Sunday, February 02, 2014

Daisy Kudre: IOF's Athlete of February aiming for a perfect race

Daisy Kudre, our Athlete of February 2014, is a 20-year-old ski orienteer who won the first ever Estonian individual medal at the Junior World Ski Orienteering Championships last year. This season she started with third place in a World Cup race – but she is aiming for more: “Right now I’m not concentrating so much on winning a certain place, I’m more into finding a way to use all my potential in one skiO race”, Daisy says. And potential she has!

Name: Daisy Kudre

Country: Estonia

Age: 20

Discipline: Ski orienteering

Career highlights: 2013 Junior World SkiO Championships (JWSOC), silver medal at Middle distance; third place in a SkiO World Cup race in December 2013.

IOF World Ranking position: 11

This month we feature an up-and-coming ski orienteer from Estonia. Last winter Daisy Kudre won the first-ever Estonian individual medal at the Junior World Ski Orienteering Championships, and this season she has been amongst the best seniors in the first two rounds of the Ski Orienteering World Cup.

Daisy is the oldest of four offspring in the Kudre family. They are from Värska, which is located close to the border in the south-east of Estonia, about 270 kilometres from Tallinn and 80 kilometres from Otepää. Värska is a small village of about 600 people, but orienteering is one of the most popular sports there, mostly because many young people have won medals in Estonian championships or succeeded in international competitions.

“Good results are recognised by the school and the people living in Värska, so everyone knows what orienteering is. We have our orienteering club Värska OK Peko, and the environment for training is good and supportive. There is a small but motivated group of talented young people taking part in footO, MTBO and skiO competitions,” Daisy tells.

Successful father and mother

Daisy got in contact with sport with map and compass from an early age. Father Raul Kudre (43) has been ski orienteering since he was 13 years old. His best results are 9th in the World Championships in 1994 and a 7th place in the World Cup. He has won a medal in the Finnish Championships in both skiO and MTBO and has been a member of the Soviet Union team. Right now he’s the coach of the Estonian skiO team.

Mother Ingrit Kala (45) was 6th in the European MTBO championships in both 2006 and 2013, and she took part in the World MTBO Championships in Estonia last summer. Last winter she won a gold medal in the World Masters SkiO Championships. “My first races were foot orienteering races. I did my first skiO races when I was maybe ten or eleven years old,” Daisy recalls.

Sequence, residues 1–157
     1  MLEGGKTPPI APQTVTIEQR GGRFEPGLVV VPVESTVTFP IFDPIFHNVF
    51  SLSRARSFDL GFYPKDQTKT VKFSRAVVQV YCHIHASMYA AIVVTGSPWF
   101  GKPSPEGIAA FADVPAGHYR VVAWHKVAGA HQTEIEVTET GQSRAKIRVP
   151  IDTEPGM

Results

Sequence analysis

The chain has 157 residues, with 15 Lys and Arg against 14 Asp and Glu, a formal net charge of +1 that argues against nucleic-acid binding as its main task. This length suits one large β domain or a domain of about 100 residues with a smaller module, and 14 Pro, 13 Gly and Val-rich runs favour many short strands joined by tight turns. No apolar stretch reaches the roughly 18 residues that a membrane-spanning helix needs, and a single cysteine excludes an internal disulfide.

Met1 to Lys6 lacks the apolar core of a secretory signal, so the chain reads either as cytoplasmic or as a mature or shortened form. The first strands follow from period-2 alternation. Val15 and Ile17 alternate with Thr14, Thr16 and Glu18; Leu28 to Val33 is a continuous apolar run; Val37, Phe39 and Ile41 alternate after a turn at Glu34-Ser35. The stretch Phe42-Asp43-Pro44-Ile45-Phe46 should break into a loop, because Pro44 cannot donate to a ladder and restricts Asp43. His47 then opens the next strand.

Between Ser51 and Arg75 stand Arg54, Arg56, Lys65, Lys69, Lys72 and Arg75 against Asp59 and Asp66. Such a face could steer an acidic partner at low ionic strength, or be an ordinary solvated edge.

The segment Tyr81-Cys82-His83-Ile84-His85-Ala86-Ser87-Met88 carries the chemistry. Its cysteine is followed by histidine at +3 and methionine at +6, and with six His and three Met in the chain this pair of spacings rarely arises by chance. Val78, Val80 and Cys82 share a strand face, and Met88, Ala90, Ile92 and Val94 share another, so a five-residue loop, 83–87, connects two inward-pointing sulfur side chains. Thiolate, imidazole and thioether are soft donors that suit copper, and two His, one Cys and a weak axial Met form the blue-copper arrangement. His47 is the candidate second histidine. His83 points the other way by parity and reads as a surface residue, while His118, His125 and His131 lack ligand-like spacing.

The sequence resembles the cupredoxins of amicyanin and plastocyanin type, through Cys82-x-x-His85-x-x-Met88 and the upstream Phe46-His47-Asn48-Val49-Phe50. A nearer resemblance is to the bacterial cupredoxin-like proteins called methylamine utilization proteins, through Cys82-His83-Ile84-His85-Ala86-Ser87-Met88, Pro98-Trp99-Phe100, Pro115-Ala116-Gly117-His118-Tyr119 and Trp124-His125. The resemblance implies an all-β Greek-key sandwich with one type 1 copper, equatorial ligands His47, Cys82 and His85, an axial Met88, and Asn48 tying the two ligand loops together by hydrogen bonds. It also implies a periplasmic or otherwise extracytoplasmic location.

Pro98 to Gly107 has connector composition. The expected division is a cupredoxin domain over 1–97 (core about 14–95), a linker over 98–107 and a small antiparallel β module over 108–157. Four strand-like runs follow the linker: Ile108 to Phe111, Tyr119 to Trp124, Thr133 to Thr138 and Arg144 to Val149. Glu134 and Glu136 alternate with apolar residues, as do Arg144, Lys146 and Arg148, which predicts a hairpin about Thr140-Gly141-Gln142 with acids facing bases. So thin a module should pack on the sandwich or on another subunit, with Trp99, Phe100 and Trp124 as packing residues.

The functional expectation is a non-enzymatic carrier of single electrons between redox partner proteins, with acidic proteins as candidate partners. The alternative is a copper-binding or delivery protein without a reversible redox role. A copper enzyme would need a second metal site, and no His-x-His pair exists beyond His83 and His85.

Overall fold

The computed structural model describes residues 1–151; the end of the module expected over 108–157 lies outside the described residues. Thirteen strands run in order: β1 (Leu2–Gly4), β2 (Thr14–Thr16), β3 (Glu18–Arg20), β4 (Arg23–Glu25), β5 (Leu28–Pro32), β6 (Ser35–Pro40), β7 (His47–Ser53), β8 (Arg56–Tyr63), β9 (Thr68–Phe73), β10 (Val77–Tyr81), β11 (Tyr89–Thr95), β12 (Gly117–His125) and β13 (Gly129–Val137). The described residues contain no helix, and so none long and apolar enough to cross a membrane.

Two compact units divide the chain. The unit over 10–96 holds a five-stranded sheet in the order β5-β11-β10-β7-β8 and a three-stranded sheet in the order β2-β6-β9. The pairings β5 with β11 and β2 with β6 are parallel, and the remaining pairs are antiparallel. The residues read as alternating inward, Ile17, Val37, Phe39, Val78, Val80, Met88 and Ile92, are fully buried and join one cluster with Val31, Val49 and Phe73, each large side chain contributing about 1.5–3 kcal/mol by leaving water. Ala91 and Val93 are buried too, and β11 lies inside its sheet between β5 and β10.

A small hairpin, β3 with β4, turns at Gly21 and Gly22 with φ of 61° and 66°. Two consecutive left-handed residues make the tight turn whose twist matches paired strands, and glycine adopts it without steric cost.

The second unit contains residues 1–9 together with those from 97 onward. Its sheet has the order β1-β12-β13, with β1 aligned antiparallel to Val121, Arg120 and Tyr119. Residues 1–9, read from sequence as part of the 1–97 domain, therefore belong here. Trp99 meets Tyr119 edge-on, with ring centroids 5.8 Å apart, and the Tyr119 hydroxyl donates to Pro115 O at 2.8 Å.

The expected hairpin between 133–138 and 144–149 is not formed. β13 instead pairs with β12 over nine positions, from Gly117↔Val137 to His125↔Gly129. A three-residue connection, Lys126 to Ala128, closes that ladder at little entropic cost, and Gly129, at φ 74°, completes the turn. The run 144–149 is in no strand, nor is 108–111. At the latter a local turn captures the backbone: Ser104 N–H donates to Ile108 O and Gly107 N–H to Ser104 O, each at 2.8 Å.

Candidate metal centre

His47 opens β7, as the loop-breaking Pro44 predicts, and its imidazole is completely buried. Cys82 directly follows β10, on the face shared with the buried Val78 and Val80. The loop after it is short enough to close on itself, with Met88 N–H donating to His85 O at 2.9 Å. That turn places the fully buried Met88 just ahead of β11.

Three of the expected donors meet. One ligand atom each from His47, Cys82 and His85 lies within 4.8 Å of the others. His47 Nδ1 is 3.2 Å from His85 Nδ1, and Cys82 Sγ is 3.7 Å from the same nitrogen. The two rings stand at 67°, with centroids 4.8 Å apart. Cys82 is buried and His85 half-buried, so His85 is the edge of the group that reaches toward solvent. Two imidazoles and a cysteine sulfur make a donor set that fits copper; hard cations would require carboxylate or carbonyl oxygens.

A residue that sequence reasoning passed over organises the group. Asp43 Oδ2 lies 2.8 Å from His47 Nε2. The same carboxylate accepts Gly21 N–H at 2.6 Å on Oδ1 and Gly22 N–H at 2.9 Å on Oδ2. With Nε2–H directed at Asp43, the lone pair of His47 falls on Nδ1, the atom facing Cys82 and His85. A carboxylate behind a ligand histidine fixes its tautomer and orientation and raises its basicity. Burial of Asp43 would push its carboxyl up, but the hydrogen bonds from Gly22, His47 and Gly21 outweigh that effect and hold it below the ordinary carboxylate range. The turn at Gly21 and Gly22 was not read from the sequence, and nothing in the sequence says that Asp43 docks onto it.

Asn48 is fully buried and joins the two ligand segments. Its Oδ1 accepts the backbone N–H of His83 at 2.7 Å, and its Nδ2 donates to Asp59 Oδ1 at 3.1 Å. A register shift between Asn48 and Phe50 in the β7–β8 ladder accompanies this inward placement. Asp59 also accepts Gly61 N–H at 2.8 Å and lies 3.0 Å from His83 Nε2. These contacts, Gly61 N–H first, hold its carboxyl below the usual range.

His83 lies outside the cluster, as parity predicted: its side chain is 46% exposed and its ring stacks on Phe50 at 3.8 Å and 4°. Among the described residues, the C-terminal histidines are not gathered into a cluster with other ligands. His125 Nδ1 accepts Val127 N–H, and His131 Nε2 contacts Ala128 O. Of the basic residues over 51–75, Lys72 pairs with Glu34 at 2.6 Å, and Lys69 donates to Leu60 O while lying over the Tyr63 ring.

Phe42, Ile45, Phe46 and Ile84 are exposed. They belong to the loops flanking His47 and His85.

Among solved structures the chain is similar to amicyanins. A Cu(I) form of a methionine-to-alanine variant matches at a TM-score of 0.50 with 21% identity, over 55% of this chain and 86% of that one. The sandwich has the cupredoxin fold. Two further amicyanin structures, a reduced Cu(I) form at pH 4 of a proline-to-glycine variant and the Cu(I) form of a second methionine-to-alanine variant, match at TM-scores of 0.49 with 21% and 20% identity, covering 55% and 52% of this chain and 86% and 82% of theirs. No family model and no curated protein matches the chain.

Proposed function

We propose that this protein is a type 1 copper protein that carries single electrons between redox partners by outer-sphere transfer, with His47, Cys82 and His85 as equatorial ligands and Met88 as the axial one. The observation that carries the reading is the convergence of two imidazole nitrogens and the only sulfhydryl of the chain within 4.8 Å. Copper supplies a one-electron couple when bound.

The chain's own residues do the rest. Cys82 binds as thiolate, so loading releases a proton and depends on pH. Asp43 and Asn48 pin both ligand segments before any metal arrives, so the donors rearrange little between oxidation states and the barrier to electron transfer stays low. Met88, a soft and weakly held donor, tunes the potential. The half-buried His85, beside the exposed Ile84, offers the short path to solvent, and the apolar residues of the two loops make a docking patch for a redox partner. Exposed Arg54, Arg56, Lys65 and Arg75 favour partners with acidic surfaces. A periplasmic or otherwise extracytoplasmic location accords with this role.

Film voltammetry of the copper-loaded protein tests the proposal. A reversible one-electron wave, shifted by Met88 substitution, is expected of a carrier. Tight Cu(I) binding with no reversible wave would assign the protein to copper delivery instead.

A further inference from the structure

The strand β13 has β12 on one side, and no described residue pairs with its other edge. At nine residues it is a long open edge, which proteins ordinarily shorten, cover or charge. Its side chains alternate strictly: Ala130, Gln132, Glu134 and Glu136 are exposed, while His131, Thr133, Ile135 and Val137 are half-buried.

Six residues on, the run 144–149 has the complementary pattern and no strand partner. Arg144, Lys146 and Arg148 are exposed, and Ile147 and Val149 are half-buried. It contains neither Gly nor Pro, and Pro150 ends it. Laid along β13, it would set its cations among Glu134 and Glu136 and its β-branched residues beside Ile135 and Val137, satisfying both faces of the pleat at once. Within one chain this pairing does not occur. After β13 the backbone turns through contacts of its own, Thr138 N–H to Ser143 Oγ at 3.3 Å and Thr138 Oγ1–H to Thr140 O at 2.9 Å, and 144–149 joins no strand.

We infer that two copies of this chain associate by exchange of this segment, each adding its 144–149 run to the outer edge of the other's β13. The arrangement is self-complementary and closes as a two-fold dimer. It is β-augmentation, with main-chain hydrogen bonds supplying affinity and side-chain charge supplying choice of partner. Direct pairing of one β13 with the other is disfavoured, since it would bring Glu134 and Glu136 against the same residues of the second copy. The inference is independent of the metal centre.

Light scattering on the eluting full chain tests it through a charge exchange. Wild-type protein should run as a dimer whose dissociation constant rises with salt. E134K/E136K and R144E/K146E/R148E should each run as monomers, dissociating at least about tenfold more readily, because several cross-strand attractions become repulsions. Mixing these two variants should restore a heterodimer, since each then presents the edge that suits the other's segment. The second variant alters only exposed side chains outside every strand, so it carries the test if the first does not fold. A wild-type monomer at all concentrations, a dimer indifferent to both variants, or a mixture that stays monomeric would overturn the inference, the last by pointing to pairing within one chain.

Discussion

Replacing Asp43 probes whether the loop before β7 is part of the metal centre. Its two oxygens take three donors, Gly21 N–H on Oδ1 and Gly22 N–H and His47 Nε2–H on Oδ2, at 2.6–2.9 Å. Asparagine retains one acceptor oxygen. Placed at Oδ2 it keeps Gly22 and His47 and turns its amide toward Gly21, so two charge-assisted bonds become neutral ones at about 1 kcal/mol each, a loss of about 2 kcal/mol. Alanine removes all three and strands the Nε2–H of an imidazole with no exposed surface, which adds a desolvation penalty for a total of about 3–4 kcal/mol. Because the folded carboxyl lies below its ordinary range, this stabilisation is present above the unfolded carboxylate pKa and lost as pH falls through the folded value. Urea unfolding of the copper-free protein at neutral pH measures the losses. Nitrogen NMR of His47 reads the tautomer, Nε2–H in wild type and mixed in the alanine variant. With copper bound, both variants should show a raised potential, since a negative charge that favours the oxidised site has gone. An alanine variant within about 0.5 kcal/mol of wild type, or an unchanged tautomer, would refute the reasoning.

It was natural for her to take up skiO because she went with her parents and there are a lot of skiO races in her country. “I’ve always been better at skiing than running so I decided to focus on ski orienteering, and now I don’t do as many footO races as I used to. My first international skiO competitions were in 2008. I was quite poor then, but I have improved year by year,” says Daisy.

Oldest of four

In the family there are four offspring; Daisy is the oldest and her birthday is on the same day as her mother’s, 17th December. Sister Doris, 16 years old, won a gold medal at the European Youth SkiO Championships last year. She has already done some World Cup races in the senior class. “It’s nice to see that she’s doing so well, and I think if she continues to train she can be really good after a few years,” tells Daisy.

Their 8-year-old brother Timo has shown great interest in both foot and ski orienteering. “He took part in his first skiO race last winter; he refused to come out of the forest after 2 hours of searching for the controls. Every time he finds a skiO map he tries to work out the best route choices. A few years ago he used to draw maps of our house and garden and prepare ‘orienteering games’ for the others.”

“My youngest sister Käti is 4 years old, and she prefers skiing on the artificial snow track in Otepää rather than sledging,” Daisy says.